Conrad Murray files appeal in Michael Jackson death
LOS ANGELES -- Conrad Murray, Michael Jackson's doctor who was convicted of involuntary manslaughter, has filed an appeal, claiming there were multiple legal errors at his trial.
Murray's lawyer Valerie Wass argues in a 230-page appellate brief that there was insufficient proof that Jackson died of an overdose of the powerful anesthetic propofol administered by Murray.
The appeal claims Jackson may have administered the overdose to himself, which the defense argued during the trial.
Murray is currently serving a four-year sentence for Jackson's death on June 25, 2009. The pop superstar died just days before the start of his "This is It" comeback tour in England.
Wass said that because of Jackson's great fame, his doctor was used as an example by the judge who sentenced him to the highest term for involuntary manslaughter. She also called the prosecution theory that Jackson was hooked up to an IV drip of propofol and left alone "absurd, improbable and unbelievable."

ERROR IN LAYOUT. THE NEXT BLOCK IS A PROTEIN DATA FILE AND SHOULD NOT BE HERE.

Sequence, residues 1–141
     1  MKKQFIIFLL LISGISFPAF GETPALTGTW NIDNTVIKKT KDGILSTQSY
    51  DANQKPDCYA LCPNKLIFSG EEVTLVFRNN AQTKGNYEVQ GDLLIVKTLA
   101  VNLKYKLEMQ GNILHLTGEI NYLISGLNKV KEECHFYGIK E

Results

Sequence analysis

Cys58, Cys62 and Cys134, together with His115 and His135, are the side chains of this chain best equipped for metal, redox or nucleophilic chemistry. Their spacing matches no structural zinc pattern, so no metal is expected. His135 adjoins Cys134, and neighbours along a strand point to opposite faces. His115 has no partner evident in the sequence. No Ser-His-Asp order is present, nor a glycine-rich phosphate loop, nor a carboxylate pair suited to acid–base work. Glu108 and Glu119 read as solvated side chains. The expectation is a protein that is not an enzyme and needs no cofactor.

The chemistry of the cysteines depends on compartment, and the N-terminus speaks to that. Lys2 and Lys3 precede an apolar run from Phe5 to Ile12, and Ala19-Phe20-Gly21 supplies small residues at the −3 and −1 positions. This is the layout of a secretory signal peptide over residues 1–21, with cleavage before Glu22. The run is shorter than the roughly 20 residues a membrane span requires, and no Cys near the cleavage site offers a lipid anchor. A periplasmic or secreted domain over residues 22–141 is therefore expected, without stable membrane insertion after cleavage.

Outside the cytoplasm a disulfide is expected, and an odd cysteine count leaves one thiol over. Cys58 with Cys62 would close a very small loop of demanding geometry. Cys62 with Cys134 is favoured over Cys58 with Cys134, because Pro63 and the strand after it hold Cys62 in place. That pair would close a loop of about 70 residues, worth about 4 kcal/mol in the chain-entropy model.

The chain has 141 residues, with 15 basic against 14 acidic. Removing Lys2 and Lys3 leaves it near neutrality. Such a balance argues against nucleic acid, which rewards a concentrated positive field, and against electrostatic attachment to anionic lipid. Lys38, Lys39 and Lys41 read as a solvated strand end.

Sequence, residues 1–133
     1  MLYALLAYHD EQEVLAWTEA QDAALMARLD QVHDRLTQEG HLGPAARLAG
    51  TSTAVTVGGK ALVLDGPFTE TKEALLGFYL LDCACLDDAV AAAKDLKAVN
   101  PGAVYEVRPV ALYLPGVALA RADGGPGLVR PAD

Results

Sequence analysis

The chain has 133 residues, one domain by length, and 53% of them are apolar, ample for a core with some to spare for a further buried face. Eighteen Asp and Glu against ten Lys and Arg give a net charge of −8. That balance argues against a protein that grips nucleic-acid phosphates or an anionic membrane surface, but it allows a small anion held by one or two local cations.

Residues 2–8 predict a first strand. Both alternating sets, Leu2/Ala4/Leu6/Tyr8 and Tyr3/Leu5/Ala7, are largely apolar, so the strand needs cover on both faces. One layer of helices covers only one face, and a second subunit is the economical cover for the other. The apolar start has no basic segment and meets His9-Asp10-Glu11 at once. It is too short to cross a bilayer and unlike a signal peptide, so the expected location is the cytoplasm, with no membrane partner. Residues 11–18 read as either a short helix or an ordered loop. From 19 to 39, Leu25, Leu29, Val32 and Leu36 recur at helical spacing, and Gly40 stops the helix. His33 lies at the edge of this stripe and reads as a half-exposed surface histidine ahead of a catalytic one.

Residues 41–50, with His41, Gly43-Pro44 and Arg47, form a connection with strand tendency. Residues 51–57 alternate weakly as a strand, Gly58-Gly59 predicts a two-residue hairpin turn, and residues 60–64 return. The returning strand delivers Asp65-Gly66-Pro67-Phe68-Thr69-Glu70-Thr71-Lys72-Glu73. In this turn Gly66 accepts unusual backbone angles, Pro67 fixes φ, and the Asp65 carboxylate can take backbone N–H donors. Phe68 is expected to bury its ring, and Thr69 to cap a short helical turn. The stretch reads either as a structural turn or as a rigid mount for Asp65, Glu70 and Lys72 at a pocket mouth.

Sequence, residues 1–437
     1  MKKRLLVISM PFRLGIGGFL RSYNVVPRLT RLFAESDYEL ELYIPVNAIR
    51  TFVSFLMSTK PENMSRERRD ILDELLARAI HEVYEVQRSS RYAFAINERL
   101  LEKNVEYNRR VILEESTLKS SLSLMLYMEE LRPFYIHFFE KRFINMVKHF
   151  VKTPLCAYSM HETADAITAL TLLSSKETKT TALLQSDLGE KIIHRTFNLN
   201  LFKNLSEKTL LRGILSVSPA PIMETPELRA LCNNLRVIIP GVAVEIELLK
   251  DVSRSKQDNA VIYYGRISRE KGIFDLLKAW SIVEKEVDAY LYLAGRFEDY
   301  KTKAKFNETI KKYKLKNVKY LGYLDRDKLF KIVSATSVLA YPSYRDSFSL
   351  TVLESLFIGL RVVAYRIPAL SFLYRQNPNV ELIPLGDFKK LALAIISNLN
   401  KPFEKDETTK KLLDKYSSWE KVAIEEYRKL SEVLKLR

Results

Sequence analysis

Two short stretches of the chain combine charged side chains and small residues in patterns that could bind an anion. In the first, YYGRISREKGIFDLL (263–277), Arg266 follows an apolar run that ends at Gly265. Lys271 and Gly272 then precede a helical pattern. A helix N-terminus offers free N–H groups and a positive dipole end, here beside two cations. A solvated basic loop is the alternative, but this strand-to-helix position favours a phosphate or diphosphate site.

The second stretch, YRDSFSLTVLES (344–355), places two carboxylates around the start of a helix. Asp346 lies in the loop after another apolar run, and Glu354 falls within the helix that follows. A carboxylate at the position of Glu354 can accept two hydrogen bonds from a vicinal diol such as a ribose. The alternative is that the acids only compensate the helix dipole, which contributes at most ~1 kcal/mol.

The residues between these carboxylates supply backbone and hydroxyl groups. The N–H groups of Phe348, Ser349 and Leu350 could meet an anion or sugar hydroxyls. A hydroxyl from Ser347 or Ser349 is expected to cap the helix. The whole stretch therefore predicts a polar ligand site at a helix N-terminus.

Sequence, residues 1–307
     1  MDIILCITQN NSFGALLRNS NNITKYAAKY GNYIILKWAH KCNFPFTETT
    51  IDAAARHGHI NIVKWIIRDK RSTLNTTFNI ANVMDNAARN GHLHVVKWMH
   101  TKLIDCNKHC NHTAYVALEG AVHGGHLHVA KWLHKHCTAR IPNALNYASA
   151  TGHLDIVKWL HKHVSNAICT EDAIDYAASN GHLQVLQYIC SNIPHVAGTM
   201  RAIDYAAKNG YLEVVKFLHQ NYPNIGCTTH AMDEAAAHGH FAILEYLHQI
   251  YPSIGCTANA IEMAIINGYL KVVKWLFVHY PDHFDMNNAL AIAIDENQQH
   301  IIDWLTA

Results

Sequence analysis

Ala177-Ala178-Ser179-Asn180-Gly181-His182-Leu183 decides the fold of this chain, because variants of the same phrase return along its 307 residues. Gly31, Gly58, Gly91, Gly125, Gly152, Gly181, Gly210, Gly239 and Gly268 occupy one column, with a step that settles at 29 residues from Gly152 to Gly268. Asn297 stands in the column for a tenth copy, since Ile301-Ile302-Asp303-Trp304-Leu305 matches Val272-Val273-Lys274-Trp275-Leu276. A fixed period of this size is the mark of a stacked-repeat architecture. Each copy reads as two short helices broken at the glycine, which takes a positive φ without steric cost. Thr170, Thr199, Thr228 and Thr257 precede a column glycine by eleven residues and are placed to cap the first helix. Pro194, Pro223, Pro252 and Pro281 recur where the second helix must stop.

Murray will be eligible for release in October after serving half his sentence. Wass suggested that even if his conviction is upheld, that his sentence should be reduced.
The attorney general's office, representing the prosecution, has 30 days to respond to the appeal.
The Associated Press contributed to this report.
celebrity, legal, famous death, entertainment
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